Japan had destroyed Pearl Harbour four months before Cripps's arrival, and was now advancing through the Philippines, Singapore and Malaya, toward the eastern Indian border in Assam. Most Indian politicians were wary of the Japanese, and believed that India should accept Cripps's offer and cooperate with Britain to stop Japan's advance, even if Britain could not be trusted to keep its promise after the War. Gandhi, however, rejected Cripps's offer, and instead proposed a nationwide movement to force Britain out of India. On August 8, 1942, the Congress committee met in Bombay to vote on Gandhi's proposal. It was passed, over the vehement opposition of Gandhi's lieutenants - Jawaharlal Nehru, Abul Kalam Azad, and Chakravarti Rajagopalachari - and the Quit India movement was launched.

    Vande Maataram is set during that ill-conceived campaign which lasted barely two weeks, weakened the Congress, and brought the British no closer to quitting India. The play describes an unsavoury movement, one among many launched during Quit India, and now tucked away in historical footnotes. As Quit India spread through the country, a group of unlikely rebels banded together in Kerala to raze symbols of British dominance. They were led by K. B. Menon, a Nehru protege who had earned a doctorate in Economics from the University of Colorado. He had drifted away from Nehru and recruited a Malayali journalist, Keshavan Nair, and two social activists from Bombay, N.A. Krishnan Nair and C.P. Sankaran Nair, to help him in organized sabotage of the British Empire. Their plan was to observe November 9, 1942 as Sabotage Day, pulling down Government structures all over Malabar in one stroke with bombs manufactured in the north Kerala village of Keezhariyur.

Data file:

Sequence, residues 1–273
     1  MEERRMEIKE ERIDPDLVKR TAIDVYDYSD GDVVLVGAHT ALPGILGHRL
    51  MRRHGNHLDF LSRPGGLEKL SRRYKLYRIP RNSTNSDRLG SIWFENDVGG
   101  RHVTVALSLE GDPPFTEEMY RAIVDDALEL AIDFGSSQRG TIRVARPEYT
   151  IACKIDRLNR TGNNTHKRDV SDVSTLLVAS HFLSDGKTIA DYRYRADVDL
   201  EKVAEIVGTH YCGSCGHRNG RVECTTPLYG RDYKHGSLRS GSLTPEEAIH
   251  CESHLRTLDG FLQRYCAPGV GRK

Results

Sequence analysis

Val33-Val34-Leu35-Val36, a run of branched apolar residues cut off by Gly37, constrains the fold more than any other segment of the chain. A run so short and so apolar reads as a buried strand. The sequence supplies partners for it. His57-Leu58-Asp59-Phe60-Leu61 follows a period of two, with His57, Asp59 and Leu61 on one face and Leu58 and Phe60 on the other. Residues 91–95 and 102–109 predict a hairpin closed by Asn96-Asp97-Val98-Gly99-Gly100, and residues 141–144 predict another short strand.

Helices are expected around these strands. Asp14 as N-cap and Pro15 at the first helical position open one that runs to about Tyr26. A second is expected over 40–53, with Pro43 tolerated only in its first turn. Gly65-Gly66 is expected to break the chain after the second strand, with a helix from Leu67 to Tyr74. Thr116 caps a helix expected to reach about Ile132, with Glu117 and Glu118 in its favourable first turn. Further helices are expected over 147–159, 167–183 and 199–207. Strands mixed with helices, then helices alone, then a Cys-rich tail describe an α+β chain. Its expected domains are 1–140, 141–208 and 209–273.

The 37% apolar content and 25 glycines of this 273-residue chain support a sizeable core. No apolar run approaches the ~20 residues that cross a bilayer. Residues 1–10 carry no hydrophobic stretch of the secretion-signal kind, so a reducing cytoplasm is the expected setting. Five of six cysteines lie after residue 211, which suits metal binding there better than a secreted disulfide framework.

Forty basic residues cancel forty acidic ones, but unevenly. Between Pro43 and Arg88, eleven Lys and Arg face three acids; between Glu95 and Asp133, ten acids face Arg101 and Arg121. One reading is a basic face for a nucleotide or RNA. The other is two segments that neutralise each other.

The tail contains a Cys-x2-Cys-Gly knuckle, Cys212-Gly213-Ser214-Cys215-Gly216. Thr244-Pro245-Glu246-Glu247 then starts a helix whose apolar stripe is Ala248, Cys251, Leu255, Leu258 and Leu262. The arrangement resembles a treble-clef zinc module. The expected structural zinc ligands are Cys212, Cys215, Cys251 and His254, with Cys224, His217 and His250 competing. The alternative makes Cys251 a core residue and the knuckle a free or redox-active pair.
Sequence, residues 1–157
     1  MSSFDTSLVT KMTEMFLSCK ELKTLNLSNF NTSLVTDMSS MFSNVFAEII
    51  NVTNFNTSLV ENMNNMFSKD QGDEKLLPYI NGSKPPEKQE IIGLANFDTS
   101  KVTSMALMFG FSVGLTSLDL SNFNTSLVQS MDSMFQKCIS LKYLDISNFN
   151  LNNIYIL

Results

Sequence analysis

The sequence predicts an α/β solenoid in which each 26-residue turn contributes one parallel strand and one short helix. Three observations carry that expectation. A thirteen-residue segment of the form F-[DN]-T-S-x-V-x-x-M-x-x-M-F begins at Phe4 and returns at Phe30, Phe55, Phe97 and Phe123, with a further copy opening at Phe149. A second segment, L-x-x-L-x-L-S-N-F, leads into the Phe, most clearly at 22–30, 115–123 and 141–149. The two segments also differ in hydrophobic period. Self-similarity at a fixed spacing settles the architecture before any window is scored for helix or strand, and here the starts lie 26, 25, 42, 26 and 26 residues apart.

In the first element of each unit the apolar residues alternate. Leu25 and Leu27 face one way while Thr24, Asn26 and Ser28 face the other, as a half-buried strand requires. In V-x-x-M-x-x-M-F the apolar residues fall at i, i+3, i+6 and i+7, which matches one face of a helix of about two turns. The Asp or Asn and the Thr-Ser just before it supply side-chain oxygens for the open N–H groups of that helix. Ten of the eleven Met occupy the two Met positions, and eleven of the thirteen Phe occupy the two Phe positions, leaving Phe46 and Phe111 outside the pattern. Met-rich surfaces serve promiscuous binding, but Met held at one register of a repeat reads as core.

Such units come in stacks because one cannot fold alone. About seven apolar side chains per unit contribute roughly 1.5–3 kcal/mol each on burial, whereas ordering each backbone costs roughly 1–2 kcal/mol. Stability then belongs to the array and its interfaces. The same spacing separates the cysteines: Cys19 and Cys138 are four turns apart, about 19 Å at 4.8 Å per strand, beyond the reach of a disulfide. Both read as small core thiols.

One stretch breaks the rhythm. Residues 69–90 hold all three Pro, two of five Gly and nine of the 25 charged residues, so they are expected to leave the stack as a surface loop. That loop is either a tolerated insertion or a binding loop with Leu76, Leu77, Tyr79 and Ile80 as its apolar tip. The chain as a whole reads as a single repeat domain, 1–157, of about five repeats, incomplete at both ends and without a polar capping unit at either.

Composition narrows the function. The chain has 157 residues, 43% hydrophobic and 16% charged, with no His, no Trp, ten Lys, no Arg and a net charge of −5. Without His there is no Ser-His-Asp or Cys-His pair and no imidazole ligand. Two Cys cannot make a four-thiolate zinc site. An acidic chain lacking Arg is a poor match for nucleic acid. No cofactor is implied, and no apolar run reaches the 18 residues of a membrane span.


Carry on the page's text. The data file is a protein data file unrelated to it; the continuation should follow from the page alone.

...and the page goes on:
Like all rebels, they had their reasons - not all commendable - for banding together. As the plan progressed, they turned each other over to the police and used the scheme to advance their own interests. On Sabotage Day, the man responsible for setting off the bombs overslept and missed his deadline. Most of the revolutionaries were arrested. During their trial, explosives experts declared that the bombs which were to sabotage the British Empire were merely "zinc tubes filled with gun powder, glass pieces and pieces of gravel, held together by a string", and would have blown up in the perpetrators' faces, had they been used. The entire revolution was snuffed before it began, and most of the rebels applied for a "freedom fighters' pension" after the British left in 1947.

    Vande Maataram is a lament for Indian nationalism, and an expression of shame at the absurdity of being an Indian rebel in the forties. The play, loosely based on the Kerala events described above, is set in Patna in 1942. It was staged in August 1998 in San Jose, California.